I have implemented several policy gradient algorithms (REINFORCE, A2C, and PPO) and am finding that the resultant policy's action probability distributions can be rather extreme. As a note, I have based my implementations on OpenAI's baselines. I've been using NNs as the function approximator followed by a Softmax layer. For example, with Cartpole I end up with action distributions like $[1.0,3e-17]$. I could understand this for a single action, potentially, but sequential trajectories end up having a probability of 1. I have been calculating the trajectory probability by $\prod_i \pi(a_i|s_i)$. Varying the learning rate changes how fast I arrive at this distribution, I have used learning rates of $[1e-6, 0.1]$. It seems to me that a trajectory's probability should never be 1.0 or 0.0 consistently, especially with a stochastic start. This also occurs for environments like LunarLander.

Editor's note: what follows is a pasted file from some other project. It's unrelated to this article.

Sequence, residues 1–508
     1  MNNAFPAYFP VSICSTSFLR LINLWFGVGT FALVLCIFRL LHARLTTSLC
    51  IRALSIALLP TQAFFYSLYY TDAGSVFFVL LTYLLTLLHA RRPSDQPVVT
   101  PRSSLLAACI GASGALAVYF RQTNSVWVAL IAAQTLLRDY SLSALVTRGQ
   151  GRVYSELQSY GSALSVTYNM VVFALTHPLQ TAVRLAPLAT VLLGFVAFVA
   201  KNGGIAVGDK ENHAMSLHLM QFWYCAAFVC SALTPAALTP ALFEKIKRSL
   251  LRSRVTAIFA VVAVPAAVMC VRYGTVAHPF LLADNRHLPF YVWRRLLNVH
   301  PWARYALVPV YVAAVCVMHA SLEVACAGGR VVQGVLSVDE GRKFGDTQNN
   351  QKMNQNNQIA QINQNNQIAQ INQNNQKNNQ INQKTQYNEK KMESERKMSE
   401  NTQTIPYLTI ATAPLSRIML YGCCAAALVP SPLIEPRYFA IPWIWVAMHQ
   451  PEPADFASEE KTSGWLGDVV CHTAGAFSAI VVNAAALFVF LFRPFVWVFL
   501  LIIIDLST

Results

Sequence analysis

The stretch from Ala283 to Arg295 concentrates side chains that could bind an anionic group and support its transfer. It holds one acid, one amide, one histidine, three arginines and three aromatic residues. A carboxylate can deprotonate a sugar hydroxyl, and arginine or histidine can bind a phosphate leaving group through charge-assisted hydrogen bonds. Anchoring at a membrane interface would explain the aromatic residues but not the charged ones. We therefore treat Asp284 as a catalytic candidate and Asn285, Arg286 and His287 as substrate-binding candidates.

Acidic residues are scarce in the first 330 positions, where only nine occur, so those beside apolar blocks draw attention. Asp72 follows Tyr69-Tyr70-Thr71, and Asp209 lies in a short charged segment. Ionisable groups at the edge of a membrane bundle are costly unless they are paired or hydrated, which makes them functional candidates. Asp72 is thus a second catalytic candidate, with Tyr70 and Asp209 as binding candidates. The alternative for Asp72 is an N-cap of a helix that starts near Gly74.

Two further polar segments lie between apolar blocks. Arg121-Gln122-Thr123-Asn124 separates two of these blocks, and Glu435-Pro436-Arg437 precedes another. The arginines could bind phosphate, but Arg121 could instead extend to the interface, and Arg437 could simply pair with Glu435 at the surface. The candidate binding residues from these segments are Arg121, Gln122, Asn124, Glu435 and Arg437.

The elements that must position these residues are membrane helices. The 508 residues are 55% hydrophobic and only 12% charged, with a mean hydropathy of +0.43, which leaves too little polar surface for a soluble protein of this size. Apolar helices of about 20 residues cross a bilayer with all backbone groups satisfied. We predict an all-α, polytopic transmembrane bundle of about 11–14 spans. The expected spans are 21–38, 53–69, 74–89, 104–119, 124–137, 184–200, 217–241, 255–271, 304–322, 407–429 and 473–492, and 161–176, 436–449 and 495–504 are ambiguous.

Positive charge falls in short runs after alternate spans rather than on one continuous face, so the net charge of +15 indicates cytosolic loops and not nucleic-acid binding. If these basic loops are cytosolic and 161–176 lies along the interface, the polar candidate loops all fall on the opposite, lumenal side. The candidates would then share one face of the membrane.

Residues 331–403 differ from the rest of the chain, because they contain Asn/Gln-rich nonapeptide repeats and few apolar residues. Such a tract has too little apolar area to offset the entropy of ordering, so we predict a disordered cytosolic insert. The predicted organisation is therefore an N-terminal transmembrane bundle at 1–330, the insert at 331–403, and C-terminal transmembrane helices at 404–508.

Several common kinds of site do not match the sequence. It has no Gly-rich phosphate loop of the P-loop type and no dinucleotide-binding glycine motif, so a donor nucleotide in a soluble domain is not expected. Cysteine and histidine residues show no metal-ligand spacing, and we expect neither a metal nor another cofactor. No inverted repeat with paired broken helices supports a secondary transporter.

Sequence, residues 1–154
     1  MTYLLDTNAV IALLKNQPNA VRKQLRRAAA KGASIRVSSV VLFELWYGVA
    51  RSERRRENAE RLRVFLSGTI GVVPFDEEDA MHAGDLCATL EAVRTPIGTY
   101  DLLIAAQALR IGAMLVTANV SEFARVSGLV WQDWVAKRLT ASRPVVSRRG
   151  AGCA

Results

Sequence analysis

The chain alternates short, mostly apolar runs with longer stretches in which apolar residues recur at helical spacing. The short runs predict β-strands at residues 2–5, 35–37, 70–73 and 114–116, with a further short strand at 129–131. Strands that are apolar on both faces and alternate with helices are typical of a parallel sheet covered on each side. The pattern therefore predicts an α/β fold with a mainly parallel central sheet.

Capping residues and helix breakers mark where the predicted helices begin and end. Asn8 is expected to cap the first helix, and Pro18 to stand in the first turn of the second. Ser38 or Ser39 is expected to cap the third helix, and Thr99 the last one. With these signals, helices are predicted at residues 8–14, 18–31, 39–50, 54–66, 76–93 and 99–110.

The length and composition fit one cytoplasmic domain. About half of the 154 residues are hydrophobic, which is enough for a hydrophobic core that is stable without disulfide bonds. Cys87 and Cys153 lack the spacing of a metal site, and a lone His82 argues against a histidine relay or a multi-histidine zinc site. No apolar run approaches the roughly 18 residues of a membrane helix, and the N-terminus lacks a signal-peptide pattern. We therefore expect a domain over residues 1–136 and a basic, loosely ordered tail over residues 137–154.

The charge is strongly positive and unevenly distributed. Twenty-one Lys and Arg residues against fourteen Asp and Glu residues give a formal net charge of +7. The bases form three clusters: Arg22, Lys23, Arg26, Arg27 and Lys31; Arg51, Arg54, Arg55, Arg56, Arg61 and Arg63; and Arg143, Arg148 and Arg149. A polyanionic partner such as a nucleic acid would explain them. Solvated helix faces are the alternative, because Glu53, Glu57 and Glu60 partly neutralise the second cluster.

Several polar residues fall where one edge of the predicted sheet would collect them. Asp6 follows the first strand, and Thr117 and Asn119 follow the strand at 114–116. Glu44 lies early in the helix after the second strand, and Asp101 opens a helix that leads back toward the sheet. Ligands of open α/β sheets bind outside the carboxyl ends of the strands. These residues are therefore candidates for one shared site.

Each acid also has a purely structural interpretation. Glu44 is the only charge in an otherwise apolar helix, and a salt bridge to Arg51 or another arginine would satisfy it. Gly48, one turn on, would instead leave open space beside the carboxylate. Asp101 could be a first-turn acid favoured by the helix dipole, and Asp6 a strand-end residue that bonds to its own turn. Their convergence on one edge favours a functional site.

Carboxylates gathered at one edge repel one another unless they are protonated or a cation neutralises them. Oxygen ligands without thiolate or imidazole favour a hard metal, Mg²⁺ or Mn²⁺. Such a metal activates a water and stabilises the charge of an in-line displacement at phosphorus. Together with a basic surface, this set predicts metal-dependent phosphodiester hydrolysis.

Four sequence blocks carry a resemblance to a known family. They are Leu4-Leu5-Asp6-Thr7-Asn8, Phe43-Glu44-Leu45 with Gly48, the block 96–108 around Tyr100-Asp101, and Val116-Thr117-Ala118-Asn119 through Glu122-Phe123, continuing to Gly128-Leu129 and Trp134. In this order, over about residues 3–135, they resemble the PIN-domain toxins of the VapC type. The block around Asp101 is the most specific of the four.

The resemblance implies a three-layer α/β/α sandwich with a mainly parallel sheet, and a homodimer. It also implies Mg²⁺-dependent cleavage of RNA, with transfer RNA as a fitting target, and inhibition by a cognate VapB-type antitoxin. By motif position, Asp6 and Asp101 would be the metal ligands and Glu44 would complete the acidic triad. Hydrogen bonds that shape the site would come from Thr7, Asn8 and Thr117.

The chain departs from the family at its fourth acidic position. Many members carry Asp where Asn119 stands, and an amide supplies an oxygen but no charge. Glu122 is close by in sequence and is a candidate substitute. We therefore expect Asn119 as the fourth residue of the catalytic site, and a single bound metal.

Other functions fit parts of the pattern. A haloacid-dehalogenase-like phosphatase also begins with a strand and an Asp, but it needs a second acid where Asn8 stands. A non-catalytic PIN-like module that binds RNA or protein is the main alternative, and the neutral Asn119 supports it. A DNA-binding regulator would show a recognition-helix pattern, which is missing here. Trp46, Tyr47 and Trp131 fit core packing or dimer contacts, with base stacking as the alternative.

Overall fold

For the most part, the resulting policies are near-optimal solutions that pass the criteria for solving the environments set by OpenAI. Some random seeds are sub-optimal
I have been trying to identify a bug in my code, but I'm not sure what bug would be across all 3 algorithms and across environments.
Is it common to have such extreme policy's probabilities? Is there a common way to handle an update so the policy's probabilities do not end up so extreme? Any insight would be greatly appreciated!